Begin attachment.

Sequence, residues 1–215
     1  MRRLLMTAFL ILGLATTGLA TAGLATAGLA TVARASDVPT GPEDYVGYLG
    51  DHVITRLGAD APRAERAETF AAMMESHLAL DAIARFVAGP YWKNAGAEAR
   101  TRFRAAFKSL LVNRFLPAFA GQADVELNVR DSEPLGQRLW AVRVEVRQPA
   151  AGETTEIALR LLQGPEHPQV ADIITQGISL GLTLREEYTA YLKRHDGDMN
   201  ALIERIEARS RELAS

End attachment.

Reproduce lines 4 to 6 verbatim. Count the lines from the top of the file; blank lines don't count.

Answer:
   101  TRFRAAFKSL LVNRFLPAFA GQADVELNVR DSEPLGQRLW AVRVEVRQPA
   151  AGETTEIALR LLQGPEHPQV ADIITQGISL GLTLREEYTA YLKRHDGDMN
   201  ALIERIEARS RELAS